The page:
Top 8 Small Dog Breeds That Don’t Shed (Or Shed Very Little)

This post may contain affiliate links. You can view our affiliate disclosure here.

Small Dog Breeds That Don't Shed - Header

If you’re looking to adopt a small dog breed, you are bound to have a few things you want from your new furry friend. However, one thing you don’t want is a house full of dog hair.

This is certainly true with large dogs that have a lot of fur, but it can definitely also be true with small dogs. If you are not a fan of vacuuming daily, then you should strongly consider a small dog breed that sheds as little as possible.

The American Kennel Club has done some excellent research to collect a list of purebred dogs that don’t shed. If you are looking for a small dog that stays under 10 pounds, you will want to get one of these eight breeds.

These dogs are hypoallergenic, small, and filled with energy, so they are always ready to play.

1. Affenpinscher


The Affenpinscher commonly has a black coat but can also come in other colours. It has an adorable round face like a baby monkey, with wiry fur that fluffs around its face like a lion’s mane.

The great thing about the Affenpinscher is that its wiry coat sheds very minimally and only requires grooming twice a week. The cost of this toy Pinscher breed typically runs between $500-$1000.

2. Bichon Frise

Bichon Frise

The Bichon Frise is every young girl’s dream pup. You will love to pet its white and fluffy coat just as much as you’ll love not having its white hair all over your car seats and couches — it sheds relatively little compared to other breeds.

These dogs have a relatively long life span of 12-14 years, so you can expect to have your furry companion around for a while. The females of this breed tend to be under 10 pounds, while the males can weigh up to 15 pounds.

3. Bolognese

Bolognese dog

Although the Bolognese dog requires frequent grooming of its white, curly, silky coat, it’s a very low-shedding breed.

You will find that bows are a perfect match for the Bolognese. Furthermore, this dog tends to be low-energy and easy to train for first-time dog owners. It has a gentle temperament and is great for socializing with other dogs and people.

4. Brussels Griffon

Brussels Griffon

The Brussels Griffon is on the heavier end of ten pounds and has a face that might remind you of the grumpy cat memes. However, this naturally curious dog has an even temperament and is relatively easy to train.

This breed doesn’t shed much at all; most shedding will occur as the seasons change.

As your Brussels Griffon grows up, you may notice its personality takes on a rather self-important quality, but it will remain loyal. With a regular grooming schedule, the Brussels Griffon sheds minimally.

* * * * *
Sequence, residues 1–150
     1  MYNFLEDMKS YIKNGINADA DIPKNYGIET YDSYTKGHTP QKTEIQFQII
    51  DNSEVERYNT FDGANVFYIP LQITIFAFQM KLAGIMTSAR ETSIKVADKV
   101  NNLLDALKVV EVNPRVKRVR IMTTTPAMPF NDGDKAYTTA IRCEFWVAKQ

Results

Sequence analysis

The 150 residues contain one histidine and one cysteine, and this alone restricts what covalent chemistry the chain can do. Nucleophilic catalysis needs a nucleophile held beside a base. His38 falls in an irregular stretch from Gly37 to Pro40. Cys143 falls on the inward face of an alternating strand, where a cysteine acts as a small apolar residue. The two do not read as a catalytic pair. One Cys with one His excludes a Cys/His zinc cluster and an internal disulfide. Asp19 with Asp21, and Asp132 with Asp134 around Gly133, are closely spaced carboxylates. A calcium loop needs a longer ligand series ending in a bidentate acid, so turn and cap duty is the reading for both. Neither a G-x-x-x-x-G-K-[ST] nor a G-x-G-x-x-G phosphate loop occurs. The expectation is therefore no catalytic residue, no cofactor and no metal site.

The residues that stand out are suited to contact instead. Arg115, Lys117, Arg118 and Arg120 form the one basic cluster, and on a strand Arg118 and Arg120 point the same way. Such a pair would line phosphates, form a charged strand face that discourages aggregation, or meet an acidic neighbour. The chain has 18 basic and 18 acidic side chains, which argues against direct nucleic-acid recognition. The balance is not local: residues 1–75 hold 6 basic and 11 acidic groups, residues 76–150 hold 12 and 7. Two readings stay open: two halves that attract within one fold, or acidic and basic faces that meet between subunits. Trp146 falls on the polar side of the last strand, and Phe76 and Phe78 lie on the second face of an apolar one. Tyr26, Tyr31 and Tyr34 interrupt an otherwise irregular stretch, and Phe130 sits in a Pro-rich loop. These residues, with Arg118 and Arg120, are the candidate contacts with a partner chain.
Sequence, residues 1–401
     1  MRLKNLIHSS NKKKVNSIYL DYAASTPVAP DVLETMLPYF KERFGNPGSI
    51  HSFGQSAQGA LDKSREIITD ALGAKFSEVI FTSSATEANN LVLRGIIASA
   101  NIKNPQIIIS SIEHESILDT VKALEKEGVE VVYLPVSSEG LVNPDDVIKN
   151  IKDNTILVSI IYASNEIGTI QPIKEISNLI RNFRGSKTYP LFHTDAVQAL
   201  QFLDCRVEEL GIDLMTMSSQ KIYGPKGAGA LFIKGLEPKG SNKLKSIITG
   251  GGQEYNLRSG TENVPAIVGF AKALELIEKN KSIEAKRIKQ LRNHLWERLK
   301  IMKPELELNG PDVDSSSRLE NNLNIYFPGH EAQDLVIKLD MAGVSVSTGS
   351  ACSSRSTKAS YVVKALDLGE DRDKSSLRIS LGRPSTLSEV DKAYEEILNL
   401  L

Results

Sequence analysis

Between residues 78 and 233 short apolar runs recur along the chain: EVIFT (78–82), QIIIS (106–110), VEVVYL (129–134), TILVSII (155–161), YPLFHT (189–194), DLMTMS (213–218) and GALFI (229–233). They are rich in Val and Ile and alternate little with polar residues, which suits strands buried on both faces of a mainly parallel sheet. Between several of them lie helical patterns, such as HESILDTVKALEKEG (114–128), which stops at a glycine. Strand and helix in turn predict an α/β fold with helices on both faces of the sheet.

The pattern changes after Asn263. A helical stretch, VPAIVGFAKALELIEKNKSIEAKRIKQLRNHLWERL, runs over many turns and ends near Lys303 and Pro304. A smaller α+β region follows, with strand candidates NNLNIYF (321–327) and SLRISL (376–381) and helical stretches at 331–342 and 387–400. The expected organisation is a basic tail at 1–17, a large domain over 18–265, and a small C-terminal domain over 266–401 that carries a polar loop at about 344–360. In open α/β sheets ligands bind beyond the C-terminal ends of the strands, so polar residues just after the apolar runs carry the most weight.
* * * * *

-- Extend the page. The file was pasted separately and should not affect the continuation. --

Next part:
5. Chinese Crested Dog

Chinese Crested Dog

The Chinese Crested Dog is featured in various movies as a background character. You may remember seeing one of them on Lady and the Tramp, Cats & Dogs, or Oliver & Company.

This breed can come in a variety of colours and patterns, and it comes in two main varieties: Hairless and Powderpuff. Both varieties shed very little.

The Chinese Crested Dog tends to have white fluffy hair on the ears, tail, and feet. For the Hairless variety, the rest of the body is mostly naked.

6. Coton de Tulear

Coton de Tulear

The Coton de Tulear is a very fluffy white-haired dog with strands of grey or red on the ears. It tips the price point scales at between $2000-$4000, but the breed has many benefits:

  • lighthearted personality
  • hypoallergenic coat
  • easy to train
  • apartment-friendly
  • loves water

Cotons also shed very little and will only tend to do so in the spring.

7. Maltese


A Maltese is a playful white, long-haired dog suited quite well for the lifestyle of a pampered pooch. Its hair is long enough to decorate with tiny bows, and its temperament is sweet and easygoing enough that it will allow such treatment.

The Maltese sheds very little, although it happens consistently throughout the year. Their undercoat is unlike most other dog breeds.

8. Yorkshire Terrier

Yorkshire Terrier

Last but not least, there is the Yorkshire Terrier. It has primarily black, tan or blue hair, with brown accents on its face. Some individuals are incessant barkers, while others are not.

Of all small dog breeds that don’t shed, this one may be the smallest. The Teacup Yorkshire Terrier weighs between two and four pounds and can be smaller than a can of soup.

Because Yorkies have hair as opposed to fur, they shed minimally throughout the year.


All dogs shed to some extent. However, the small dog breeds listed above are among the lowest-shedding breeds out there, and they weigh less than ten pounds.

Be sure to take into consideration factors like temperament, grooming requirements, lifespan, size, and price before you decide on one specific breed. Afterward, you can make an informed decision on the perfect small dog addition to your family.

Thanks for reading. Which low-shedding small dog breed are you interested in? Share your thoughts in the comments below.

Share this:

Leave a Reply